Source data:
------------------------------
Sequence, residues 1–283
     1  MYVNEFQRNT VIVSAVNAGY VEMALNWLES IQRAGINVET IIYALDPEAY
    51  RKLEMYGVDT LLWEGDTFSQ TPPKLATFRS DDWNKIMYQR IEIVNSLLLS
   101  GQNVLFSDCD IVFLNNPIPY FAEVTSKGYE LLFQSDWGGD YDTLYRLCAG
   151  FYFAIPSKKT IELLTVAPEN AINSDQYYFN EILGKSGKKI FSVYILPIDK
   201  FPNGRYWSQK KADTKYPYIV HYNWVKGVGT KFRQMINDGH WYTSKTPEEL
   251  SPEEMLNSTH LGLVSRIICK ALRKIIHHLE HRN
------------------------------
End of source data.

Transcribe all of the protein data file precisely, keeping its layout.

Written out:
Sequence, residues 1–283
     1  MYVNEFQRNT VIVSAVNAGY VEMALNWLES IQRAGINVET IIYALDPEAY
    51  RKLEMYGVDT LLWEGDTFSQ TPPKLATFRS DDWNKIMYQR IEIVNSLLLS
   101  GQNVLFSDCD IVFLNNPIPY FAEVTSKGYE LLFQSDWGGD YDTLYRLCAG
   151  FYFAIPSKKT IELLTVAPEN AINSDQYYFN EILGKSGKKI FSVYILPIDK
   201  FPNGRYWSQK KADTKYPYIV HYNWVKGVGT KFRQMINDGH WYTSKTPEEL
   251  SPEEMLNSTH LGLVSRIICK ALRKIIHHLE HRN